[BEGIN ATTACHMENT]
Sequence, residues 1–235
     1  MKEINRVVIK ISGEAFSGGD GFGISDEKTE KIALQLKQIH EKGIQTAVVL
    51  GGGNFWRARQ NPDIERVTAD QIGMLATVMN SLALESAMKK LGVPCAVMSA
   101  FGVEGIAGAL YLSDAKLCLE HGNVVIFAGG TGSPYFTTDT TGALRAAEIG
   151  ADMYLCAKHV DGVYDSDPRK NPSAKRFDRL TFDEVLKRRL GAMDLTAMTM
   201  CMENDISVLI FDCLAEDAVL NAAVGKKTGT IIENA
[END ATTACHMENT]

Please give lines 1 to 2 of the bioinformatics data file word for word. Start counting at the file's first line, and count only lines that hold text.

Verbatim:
Sequence, residues 1–235
     1  MKEINRVVIK ISGEAFSGGD GFGISDEKTE KIALQLKQIH EKGIQTAVVL